TLS Training London – day 2

Written on 8 September 2018, 02:07pm

Tagged with: , , , ,

Again, some notes about the second day of the excellent TLS Training delivered by Scott Helme. 

  • symmetric encryption is fast. AES is fast enough for transferring large amounts of encrypted data (ex. streaming)
  • asymmetric encryption is slow, therefore it’s only used for the authentication, in the beginning of the secured session 
  •  RSA algorithm was actually invented 4 years before: The acronym RSA is made of the initial letters of the surnames of Ron Rivest, Adi Shamir, and Leonard Adleman, who first publicly described the algorithm in 1978. Clifford Cocks, an English mathematician working for the British intelligence agency Government Communications Headquarters (GCHQ), had developed an equivalent system in 1973, but this was not declassified until 1997.
  • Hashing: SHA256 (a subset of the SHA-2 family) is considered strong enough. Alternatives for the future are SHA384 and SHA512 (longer digests), but if the SHA-2 is fundamentally broken, then the SHA-3 family (Keccak) comes to the rescue. It’s like a never-ending cat vs mouse game between cryptographers and cryptanalysts. 
  • The CAs store their private keys in HSMs and rarely rotate them (a lifetime of a few decades is not uncommon)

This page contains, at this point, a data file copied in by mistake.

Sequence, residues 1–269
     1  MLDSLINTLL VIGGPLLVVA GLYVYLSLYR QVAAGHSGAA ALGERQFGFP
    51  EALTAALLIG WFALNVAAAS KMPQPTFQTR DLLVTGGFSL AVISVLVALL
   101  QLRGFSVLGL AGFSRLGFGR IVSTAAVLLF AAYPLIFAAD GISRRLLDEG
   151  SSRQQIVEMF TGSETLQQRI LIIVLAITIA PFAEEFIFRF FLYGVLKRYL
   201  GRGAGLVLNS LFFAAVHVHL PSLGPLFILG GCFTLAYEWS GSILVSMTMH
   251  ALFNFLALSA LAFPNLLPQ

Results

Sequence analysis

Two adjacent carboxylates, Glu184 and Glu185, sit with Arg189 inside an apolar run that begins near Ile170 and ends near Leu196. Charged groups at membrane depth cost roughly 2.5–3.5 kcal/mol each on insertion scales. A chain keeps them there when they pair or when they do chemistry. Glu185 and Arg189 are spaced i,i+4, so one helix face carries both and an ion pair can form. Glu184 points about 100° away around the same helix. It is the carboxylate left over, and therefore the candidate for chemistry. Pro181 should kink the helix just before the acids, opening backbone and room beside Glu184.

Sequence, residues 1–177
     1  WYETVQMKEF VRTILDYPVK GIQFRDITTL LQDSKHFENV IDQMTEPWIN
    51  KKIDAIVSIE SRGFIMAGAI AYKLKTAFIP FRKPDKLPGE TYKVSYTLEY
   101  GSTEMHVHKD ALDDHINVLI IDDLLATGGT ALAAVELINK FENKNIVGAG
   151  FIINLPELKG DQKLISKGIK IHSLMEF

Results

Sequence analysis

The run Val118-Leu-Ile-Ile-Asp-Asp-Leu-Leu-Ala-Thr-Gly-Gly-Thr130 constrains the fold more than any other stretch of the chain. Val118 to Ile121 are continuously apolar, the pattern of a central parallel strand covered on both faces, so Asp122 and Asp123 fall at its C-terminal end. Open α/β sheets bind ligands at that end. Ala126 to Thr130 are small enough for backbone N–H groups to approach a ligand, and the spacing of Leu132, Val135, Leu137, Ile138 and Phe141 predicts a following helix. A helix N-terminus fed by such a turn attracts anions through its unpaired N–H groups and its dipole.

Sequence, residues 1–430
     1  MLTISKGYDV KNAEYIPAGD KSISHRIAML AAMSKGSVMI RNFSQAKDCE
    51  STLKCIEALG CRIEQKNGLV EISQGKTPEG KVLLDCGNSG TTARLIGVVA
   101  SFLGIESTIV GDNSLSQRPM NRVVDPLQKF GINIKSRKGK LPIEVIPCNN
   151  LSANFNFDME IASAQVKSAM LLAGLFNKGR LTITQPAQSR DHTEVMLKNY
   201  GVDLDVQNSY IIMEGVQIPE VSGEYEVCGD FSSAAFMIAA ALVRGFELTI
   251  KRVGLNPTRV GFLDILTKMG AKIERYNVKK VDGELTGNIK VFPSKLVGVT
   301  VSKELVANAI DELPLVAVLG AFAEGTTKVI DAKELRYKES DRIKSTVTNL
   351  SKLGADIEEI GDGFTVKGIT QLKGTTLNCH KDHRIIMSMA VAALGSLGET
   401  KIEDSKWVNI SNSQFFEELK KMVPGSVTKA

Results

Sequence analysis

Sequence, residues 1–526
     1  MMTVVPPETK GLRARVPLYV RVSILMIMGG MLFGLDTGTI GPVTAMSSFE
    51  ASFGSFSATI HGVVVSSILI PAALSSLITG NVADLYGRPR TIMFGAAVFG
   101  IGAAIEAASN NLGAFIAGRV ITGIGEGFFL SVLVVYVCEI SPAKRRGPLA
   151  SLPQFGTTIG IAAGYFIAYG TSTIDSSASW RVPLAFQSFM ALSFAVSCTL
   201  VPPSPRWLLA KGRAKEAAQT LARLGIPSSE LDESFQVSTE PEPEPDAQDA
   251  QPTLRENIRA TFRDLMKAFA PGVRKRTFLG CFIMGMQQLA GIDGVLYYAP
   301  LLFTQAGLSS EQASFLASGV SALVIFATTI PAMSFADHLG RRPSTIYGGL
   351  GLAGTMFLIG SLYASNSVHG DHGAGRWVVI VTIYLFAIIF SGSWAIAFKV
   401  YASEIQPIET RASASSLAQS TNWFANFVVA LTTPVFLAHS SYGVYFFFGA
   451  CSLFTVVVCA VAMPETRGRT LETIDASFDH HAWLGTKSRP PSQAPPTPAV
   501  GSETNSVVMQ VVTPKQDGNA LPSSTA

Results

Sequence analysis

• There is a good analogy between digital certificates and passports
  • X509 is the standard describing the structure of the digital certificates. Currently at version 3, it introduced extensions (arbitrary metadata of key + values pairs). Example of an extension: the SAN (Subject Alternative Names) – where a number of domains can be given on top of the common name (CN). In fact, Google Chrome only looks at the SAN when parsing a certificate.
  • The certificate chain is typically composed of the Root CA certificate, then the Intermediate CA certificate(s) and finally, the end-entity certificate (the leaf). The last intermediate certificate has the ‘path length’ parameter set to 0 (it’s children can only be leaves).
  • The Root CA certificates are provided by the client (stored in the browser or OS), while the intermediate CA and end-entity certificates are provided by the server(the intermediate CA cert – for performance reasons)
  • It takes on average 5-6 years to become a Root CA. And if you want this, you must work with the following 5 relying parties carrying a set of root keys in their trust store: Apple, Google, Java, Mozilla, Microsoft. Let’s Encrypt started in 2016 and it’s not yet a Root CA; they are currently using another root CA to cross-sign their certificates (IdenTrust). 
  • The Web PKI is governed by the CAB Forum – an entity where the  Certificate Authorities and the major browsers are represented.
To be continued…

TLS Training London – day 1

Written on 6 September 2018, 08:55pm

Tagged with: , , ,